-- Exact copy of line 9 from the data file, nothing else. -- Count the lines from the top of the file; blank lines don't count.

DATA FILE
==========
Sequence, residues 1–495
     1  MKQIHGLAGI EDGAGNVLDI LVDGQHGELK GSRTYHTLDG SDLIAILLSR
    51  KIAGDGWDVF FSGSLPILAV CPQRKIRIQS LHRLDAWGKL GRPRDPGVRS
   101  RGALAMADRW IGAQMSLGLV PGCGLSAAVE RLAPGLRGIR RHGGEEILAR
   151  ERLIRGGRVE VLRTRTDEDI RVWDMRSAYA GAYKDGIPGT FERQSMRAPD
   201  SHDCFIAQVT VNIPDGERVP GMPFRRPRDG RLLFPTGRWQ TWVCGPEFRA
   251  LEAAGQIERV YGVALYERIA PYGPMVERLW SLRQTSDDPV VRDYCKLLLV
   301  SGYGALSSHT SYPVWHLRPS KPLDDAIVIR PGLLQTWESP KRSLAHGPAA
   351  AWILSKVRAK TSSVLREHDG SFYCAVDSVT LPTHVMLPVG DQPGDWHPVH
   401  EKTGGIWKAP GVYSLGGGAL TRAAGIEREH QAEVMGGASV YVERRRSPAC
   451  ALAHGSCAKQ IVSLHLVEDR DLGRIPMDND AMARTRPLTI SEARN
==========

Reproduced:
   351  AWILSKVRAK TSSVLREHDG SFYCAVDSVT LPTHVMLPVG DQPGDWHPVH